The Complete Bulk Bag Unloader Customization Guide

A step-by-step guide to selecting bulk bag unloader components

In the market to upgrade or extend your bulk bag unloading line? Not all bulk bag dischargers are created equal.

Need help selecting bulk bag unloading equipment?

Spiroflow Systems’ Andy Forrester walks us through some of the variations and customizations available in today’s bulk bag unloading market. From standalone, simple frame designs to high-volume semi-automated unloading systems with densifying vibration tables, bulk bagging systems can be custom built to meet a wide range of budget and discharging requirements.

Define Bulk Bag Unloading Requirements

Before starting to specify the bulk bag unloader type, options and customizations, first consider the material, process needs and bag requirements. Some of the most important considerations to ensure you end up with a safe and reliable discharging solution include:

Step 1:

Understand the Material Characteristics

There are a wide range of material characteristics that will impact the eventual design of a bulk bag unloader with some of the most critical being:

Material Type – Dust Containment

Some materials can be harmful to both operators and the environment so different levels of dust containment and operator protection can be a major consideration.

If materials are hazardous or corrosive additional seals can be incorporated between the bulk bag and discharger to minimize the risk of any dust escaping. Several different dust seal designs are available depending on the design of the discharger. A rubber membrane dust seal within the base of the unloader and peripheral double dust seal (ideal for single-trip bags that contain dusty materials) can be used to contain dust created as material flows from the bag.

In some cases a completely sealed “Glove Box” untie chamber could be the best solution, in other cases an untie chamber with dust collection and flow control devices may be sufficient. For an additional level of protection an “hygienic spout connection” can be incorporated to better seal the connection between the bulk bag and the downstream process. This is achieved by clamping the bag outlet spout to a custom spigot prior to initiating material flow. All this occurs within an enclosure that can be maintained at a negative pressure throughout critical phases of the discharge process.

Dust collectors can be integrated into the bulk bag discharger frame so that the dust drawn away from the emptying bag can be reintroduced to the system just downstream of the bulk bag outlet, thus minimizing product loss.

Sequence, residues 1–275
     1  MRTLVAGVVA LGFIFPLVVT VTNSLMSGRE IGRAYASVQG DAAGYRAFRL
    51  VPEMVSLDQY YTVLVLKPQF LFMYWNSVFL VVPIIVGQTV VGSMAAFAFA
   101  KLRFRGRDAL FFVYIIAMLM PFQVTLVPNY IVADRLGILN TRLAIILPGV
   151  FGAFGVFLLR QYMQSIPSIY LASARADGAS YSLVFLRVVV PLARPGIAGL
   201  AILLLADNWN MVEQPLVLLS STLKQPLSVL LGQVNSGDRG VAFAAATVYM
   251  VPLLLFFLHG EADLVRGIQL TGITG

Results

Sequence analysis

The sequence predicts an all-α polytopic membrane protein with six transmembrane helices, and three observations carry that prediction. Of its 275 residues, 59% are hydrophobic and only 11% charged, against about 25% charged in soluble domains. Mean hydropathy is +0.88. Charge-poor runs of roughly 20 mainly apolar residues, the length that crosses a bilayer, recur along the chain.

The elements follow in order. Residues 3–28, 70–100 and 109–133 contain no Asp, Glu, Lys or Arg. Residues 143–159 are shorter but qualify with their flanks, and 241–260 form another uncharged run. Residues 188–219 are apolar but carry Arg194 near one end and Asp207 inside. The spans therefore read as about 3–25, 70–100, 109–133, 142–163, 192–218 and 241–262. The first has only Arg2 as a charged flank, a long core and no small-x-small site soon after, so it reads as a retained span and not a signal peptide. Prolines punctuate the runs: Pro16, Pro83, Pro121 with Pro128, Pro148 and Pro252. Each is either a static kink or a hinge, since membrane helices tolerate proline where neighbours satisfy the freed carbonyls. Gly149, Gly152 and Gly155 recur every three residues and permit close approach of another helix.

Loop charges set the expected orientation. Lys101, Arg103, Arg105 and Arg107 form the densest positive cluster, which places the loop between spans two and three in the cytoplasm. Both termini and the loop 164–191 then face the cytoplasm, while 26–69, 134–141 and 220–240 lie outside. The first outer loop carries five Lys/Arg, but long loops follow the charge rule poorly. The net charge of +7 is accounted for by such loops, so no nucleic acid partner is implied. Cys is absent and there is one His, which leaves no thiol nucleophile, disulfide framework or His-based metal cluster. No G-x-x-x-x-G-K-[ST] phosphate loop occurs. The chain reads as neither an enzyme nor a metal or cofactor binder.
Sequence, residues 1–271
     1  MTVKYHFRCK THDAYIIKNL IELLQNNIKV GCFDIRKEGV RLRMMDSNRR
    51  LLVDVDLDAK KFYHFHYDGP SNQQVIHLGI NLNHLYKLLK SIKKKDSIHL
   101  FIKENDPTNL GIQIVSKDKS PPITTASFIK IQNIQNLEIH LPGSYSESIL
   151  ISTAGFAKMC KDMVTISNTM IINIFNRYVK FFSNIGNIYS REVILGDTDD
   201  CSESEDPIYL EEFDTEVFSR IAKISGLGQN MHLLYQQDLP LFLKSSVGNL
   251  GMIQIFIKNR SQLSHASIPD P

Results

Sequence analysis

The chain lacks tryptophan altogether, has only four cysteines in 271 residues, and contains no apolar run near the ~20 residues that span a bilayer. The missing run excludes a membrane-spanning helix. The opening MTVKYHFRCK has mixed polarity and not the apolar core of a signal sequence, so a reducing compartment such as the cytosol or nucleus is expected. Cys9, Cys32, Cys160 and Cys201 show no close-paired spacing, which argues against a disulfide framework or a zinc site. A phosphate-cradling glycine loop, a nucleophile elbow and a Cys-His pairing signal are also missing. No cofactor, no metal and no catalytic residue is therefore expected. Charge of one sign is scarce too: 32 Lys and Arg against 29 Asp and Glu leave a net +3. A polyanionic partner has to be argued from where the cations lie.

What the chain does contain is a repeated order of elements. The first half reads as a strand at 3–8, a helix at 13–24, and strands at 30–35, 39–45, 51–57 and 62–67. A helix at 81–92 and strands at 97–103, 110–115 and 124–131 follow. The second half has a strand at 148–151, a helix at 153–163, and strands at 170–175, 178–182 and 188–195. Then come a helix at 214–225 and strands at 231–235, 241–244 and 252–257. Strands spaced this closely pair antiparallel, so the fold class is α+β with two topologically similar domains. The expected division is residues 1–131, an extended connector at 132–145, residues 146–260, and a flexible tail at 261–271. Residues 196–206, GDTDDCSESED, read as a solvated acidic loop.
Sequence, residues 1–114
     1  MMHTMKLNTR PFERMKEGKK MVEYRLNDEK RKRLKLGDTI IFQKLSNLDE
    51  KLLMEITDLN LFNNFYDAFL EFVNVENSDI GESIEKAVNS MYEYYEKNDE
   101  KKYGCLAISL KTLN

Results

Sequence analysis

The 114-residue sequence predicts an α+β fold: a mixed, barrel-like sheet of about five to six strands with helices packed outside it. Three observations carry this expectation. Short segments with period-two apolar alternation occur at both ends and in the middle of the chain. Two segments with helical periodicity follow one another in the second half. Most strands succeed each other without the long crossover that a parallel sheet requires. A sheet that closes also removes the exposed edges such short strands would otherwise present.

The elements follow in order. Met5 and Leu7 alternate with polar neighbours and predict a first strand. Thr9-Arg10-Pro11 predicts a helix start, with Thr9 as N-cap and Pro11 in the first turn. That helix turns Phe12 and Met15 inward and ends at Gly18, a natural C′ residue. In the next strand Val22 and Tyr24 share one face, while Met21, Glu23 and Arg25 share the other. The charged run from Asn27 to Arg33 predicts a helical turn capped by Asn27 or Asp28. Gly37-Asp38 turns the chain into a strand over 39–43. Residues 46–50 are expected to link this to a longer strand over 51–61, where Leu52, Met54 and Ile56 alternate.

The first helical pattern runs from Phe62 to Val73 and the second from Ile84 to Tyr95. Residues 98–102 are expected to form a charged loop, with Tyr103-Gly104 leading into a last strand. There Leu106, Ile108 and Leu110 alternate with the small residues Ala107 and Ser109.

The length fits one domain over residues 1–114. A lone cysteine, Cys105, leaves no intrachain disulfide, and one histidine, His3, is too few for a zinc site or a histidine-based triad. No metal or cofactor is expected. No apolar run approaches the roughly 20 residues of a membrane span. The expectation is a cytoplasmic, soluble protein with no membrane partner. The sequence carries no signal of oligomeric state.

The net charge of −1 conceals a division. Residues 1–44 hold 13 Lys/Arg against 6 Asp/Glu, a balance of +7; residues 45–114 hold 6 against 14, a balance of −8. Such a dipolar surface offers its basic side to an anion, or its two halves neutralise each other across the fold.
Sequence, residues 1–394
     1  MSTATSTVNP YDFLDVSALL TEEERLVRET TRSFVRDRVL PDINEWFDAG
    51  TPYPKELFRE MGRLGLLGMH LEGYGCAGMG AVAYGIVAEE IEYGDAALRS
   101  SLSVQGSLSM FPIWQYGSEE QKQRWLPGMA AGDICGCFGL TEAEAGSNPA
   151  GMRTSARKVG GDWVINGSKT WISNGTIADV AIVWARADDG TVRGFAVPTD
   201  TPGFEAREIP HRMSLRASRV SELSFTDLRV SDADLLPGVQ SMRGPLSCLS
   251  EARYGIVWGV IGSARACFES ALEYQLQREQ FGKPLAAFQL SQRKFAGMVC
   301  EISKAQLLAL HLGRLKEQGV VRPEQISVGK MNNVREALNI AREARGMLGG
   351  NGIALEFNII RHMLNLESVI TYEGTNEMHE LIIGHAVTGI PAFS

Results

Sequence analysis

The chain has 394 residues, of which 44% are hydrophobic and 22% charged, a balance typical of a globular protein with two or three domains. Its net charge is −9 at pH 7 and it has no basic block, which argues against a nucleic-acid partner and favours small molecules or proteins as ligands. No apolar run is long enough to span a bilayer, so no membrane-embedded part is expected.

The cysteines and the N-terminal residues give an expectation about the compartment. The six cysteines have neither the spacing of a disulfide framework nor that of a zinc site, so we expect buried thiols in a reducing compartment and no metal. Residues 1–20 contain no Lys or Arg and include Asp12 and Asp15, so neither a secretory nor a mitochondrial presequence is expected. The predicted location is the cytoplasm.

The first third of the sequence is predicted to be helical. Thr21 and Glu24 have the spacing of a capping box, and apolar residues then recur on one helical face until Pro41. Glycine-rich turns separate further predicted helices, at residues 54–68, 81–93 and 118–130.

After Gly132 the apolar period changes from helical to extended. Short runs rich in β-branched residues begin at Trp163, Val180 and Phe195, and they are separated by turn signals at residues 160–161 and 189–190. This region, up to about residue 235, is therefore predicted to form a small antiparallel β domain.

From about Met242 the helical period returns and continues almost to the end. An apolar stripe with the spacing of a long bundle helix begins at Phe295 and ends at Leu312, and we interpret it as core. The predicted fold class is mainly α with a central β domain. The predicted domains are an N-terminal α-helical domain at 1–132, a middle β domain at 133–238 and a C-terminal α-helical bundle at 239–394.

Explosion Proof/Hazardous Options

When discharging bulk bags of combustible material or when working in explosion-rated areas, various additional steps can be taken to protect operators and the equipment itself by using a discharger designed specifically for these circumstances. These options are available to meet any area classification and include features like, explosion proof motors, pneumatic vibrators, intrinsically safe sensors and static grounding and monitoring systems.

Material Flow Characteristics

Flowability will determine if flow aids are required and their type. Various designs are available ranging from different types of paddles or massagers to vibration, mechanical agitators or air ‘pads’ and ‘sweep” systems.

Some materials will agglomerate in a bulk bag to the extent that they will still not discharge using typical flow aids. In these cases, a bulk bag conditioner may be required to break the set of material and reduce the size of large lumps thereby allowing a bulk bag discharger to empty the bag. These units can be of a stand alone design or can also be incorporated into some discharger designs.

Step 2:

Knowing your Bag Specifications

If you are a high volume consumer of raw materials in FIBC’s you may be able to influence the specifications of the bulk bags that your products are supplied in, however, if your supplier only offers a particular style of bag it is critical to understand certain key parameters.

Determine if the base dimensions are within the typical range of 35″ x 35″ to 41″ x 41″. If the dimensions are outside of this range a smaller or larger bag support (dish) and a larger frame may also be required. In addition to the base dimensions the range of side seam heights of the bags to be handled also needs to be known as this will determine the height of the discharger structure and whether space saving options need to be considered.

Lifting Loops
There are two main styles of lifting loops, lay flat and cross corner and both are normally compatible with standard bag lifting frames but the details should always be confirmed to ensure a safe and reliable fit and if any customization is required.

Liner/Sealing Requirements
Determine if the bags that will be used will incorporate a liner to prevent the ingress of foreign materials or moisture into the bulk bag or to prevent the egress of very fine powders through the fine stitching and weaving of the bulk bag.